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A number of obstacles were encountered with the FMS construction program that required immediate attention. First, site assessments were initially problematic due to limited movement resources and the ever-changing security environment. In some cases, a thorough site assessment was never conducted, which led to issues in the pre-award stage of the project. In most countries, conducting a site assessment is as easy as jumping into a truck and driving to the proposed construction site. In Iraq, movement takes days of planning and coordination with various military staffs, contract engineers, and the Iraqi military and police. To mitigate the issues with site assessments and movement, all new FMS cases use the United States Corps of Engineer Reconnaissance Liaison Teams (RLTs). The RLTs are contracted security details with skills in basic site assessments and security analysis. The teams work with the MNSTC-I J7 and the Gulf Region USACE FMS Coordinator for the basic engineering requirements for a proposed site. The RLTs take measurements and photos of the area and write a detailed report on the route to the site, as well as gain an appreciation of the local atmospherics of the immediate region. After this report, the FMS team conducts a follow-on engineering assessment to prepare a detailed statement of work.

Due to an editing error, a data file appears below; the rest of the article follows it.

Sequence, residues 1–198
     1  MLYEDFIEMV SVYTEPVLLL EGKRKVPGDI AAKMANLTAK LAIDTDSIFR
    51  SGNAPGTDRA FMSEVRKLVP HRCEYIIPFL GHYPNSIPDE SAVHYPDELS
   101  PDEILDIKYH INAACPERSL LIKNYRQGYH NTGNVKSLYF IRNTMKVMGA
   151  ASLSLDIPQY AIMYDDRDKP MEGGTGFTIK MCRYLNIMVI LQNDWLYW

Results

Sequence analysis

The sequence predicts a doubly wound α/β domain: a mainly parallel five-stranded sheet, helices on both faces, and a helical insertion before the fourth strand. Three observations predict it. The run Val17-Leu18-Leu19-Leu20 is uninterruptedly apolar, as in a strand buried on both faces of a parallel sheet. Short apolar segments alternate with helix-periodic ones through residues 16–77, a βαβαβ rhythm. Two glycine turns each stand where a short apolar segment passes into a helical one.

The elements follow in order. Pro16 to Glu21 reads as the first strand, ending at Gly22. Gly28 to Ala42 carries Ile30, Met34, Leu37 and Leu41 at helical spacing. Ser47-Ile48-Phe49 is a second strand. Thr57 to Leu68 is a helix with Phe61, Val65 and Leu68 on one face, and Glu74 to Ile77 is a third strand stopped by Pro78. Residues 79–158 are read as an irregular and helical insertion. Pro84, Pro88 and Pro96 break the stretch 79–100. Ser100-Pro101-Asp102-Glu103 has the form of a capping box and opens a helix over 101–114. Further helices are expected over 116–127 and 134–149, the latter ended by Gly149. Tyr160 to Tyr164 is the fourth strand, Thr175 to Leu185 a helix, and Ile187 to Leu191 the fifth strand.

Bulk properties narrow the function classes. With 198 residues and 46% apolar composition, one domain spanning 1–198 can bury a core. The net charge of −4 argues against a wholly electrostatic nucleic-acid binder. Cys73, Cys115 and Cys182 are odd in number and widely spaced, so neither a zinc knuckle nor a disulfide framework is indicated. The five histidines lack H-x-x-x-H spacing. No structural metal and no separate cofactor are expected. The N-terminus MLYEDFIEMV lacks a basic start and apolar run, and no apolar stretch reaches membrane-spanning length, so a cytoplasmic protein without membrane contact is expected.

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Letter of Request
Another challenging aspect of FMS construction was the initial Letter of Request (LOR) from the government of Iraq to the Security Assistance Office. The LOR is a formal request for FMS services from a foreign government to the United States. The request is usually a one-page document that outlines the basic requirements of the proposed construction project. Some of the existing LORs were developed in the same fashion as LORs for FMS equipment cases, which in turn led to issues with bidding the final contract. To mitigate this shortcoming, MNSTC-I J7 dedicated an engineer officer to work exclusively with Iraq's engineers and the Security Assistance Office in the development of all new LORs, as well as any amendments to existing LORs. This ensured that all requested engineering services and construction would be achievable upon final contracting, and it also implemented the "cradle-to-grave" engineering process to ensure a quality deliverable. Overall, this change in the FMS construction process has led to better stakeholder and customer buy-in, eliminated unnecessary engineering requirements, and ensured that critical requirements were addressed early in the preliminary design phase of the project.